I do feel the UK is different and slower in the uptake of the concepts so it is all the more important to have as many people as possible talking about parental alienation in all its ugly forms.
    My only question of his work would be whether the categories stand in the UK as they do in America because if they don’t then an alienated child is just that and not able to be boxed up – just as you said.
    Plough on Karen, you are needed and appreciated for who you are.


    1. Thank you Karen. I’ve been a supporter of you since the day I read “I am the alienator”. I cried and cried that day, thinking someone understands!!! Thank you for all you have done. Please, with Dr Childress help this nightmare end as soon as possible.
      Thank you.


  2. Very impressed with your response Karen, you are a class act and together I know you and Dr. Childress will accomplish a lot. Glad to hear about the new blog!

    Best to you!


    1. well said. Whatever the differences are (and I for one am not convinced about the extent to which it matters..), you handle this with professionalism and aplomb…All power to you.


  3. Karen, I have a huge amount of respect for your work and your professional expertise. I also think you are a wonderful person. I am however one of the ‘tiny’ group of families Childress is referring to and I do think he is onto something important about real, or perhaps ‘pure’, parental alienation, which is after all the one that is most difficult to resolve. I have felt increasingly that your blog does not speak for my circumstances, yet what Childress says rings true and makes sense to me. I have in fact been quite disappointed that you have not raised more awareness of his contribution to the field. It would be good to see his work incorporated here by professionals in the UK. I appreciate what you say about how difficult it is to achieve change and what we are up against here, both within mental health and in the legal system, but at the end of the day, this doesn’t change what needs to happen. We can work with what we’ve got, while at the same time having a vision of the perfect solution that will solve the problem for all targeted parents and alienated children. I would very much like to see the synthesis he talks about happening. It is messier, of course, along the way, but it is actually what is needed.

    I don’t think we need to avoid attack either, or public argument. The pathogen Dr Childress describes operates stealthily. We should counter it by being transparent and I am very glad to be able to see this discussion. Every professional and targeted parent worth their salt will not be afraid of arguments and discussions that will further their understanding, and will respect others’ points of view. And where they can’t, well that is where is the work is – towards synthesis.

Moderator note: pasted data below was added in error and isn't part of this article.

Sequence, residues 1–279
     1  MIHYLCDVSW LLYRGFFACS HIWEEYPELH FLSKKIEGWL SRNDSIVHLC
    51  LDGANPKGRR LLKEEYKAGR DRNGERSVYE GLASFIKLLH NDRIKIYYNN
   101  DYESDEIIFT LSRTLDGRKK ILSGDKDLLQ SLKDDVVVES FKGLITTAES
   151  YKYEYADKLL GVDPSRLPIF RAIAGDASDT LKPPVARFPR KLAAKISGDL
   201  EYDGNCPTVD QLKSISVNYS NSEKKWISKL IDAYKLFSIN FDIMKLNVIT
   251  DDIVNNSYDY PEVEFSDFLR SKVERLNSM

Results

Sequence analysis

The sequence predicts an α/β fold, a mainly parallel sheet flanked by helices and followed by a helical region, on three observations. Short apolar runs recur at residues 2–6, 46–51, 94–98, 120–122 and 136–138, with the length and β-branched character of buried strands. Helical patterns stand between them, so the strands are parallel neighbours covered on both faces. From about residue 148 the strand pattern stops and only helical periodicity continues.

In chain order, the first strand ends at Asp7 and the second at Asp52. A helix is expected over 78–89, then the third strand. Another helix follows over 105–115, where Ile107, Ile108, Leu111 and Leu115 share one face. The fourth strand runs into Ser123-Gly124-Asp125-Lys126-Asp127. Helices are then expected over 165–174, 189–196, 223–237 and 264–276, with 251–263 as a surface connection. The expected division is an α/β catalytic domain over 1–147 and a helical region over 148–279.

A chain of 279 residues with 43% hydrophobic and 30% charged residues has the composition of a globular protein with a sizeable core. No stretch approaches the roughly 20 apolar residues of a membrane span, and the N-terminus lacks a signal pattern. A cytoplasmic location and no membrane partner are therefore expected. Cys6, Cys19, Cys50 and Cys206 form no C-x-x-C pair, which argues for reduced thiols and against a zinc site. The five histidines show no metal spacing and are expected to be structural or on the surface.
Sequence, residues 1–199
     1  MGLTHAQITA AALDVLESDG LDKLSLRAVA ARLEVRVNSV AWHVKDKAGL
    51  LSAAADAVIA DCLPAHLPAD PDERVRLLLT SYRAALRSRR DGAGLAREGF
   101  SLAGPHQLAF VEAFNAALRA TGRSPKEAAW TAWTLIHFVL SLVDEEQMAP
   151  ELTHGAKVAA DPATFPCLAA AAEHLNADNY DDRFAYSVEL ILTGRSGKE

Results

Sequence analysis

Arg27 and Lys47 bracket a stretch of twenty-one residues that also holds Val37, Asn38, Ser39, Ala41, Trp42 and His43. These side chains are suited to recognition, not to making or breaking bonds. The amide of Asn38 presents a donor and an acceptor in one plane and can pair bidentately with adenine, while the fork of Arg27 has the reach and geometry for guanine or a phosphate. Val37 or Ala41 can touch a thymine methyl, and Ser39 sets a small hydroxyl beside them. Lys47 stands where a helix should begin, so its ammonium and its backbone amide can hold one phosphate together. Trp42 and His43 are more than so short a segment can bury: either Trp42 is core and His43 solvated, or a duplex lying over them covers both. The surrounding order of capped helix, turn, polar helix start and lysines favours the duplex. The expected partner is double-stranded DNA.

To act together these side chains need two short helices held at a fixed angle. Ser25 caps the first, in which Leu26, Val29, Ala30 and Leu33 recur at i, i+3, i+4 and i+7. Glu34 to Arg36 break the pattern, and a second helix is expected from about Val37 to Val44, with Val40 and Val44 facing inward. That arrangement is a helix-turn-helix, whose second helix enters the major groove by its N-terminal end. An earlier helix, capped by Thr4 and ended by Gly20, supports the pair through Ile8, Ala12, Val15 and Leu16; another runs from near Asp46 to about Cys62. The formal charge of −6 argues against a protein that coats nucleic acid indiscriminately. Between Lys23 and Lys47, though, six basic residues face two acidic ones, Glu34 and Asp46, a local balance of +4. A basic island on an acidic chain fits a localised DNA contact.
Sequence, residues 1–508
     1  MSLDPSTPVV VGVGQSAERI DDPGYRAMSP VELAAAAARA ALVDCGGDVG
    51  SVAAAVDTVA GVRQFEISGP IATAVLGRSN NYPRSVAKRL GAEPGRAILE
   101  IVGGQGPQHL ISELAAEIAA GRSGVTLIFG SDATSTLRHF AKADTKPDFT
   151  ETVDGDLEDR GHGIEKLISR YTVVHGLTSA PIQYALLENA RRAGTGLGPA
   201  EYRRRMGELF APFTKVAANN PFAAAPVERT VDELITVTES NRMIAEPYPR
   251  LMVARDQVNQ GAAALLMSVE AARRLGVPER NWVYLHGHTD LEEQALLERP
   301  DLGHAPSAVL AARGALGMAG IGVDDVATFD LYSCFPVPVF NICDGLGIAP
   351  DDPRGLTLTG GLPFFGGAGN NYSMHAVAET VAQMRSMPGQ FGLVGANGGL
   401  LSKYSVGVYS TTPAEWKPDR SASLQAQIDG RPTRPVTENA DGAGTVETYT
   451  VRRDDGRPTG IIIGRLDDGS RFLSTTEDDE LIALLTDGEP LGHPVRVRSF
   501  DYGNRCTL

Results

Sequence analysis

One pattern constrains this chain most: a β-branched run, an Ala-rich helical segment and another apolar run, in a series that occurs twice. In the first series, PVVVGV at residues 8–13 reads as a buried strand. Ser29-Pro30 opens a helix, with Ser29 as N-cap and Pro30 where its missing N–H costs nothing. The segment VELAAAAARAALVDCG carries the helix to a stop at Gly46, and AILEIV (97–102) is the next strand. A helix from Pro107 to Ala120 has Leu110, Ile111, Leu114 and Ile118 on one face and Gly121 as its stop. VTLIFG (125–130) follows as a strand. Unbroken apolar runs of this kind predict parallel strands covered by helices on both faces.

1. I don’t cross promote any other work on this blog Miriam, that is because this is my blog, my place where I write about my work with families here in the UK. I write elsewhere about other people and developments, occasionally I might critique someone on here but largely I simply write about my own work. If that work doesn’t chime with your experience then that is not really something I can do much about, I don’t write to keep everyone on board I write to express those things that come through me as I work and those things I feel this country needs to think about. I am not trying to gather an army or change the system or create some kind of movement that I lead, I am too concerned with families and helping them. If Craig’s answer to pure alienation is what works for you then thank goodness that place exists because lots of people won’t have your experience and won’t find what they need there but will find it elsewhere. I am not afraid of arguments or criticism but I find fighting publicly to be both draining and pointless, I fight every day of my working life for families, I am not going to fight with someone like Dr Childress who is doing his thing his way. It doesn’t work here, not yet and perhaps not ever. The dynamics we face in the family courts here are far far too complex for it to do so and I am not interested in anything other than the children I help and if that is hand to hand combat whilst Dr Childress is busy blitzing his way through that is fair enough. I am a psychotherapist I am not a crusader, I want to help people not lead a movement. Finally, one clear point. In those cases where children are captured by pathogenic parenting we recommend a transfer of residence or foster care – getting it however takes some doing I can tell you and after 4 or 5 hours in a witness box, being slammed by all and sundry, ridiculed and laughed at by other professionals in those cases, I am not about to set myself up as the sacrificial lamb that gets Dr Childress’s system into place here, I know my limitations.


  4. glad for your comments Karen, and I think I understand why Craig Childress responded as he did; as he often says the splitting phenomenon seen in children suffering from extreme PA can also be seen in the very professionals who seek to identify and highlight what is going on. I’m a huge admirer of both of you, and yes you share many strengths and common approaches. There is space for anyone who is willing to stand up and shine a light on this situation, whilst having the courage for the knowledge that the light will reflect back on them too. Power to you Karen (that Dr Woodall can’t be far off).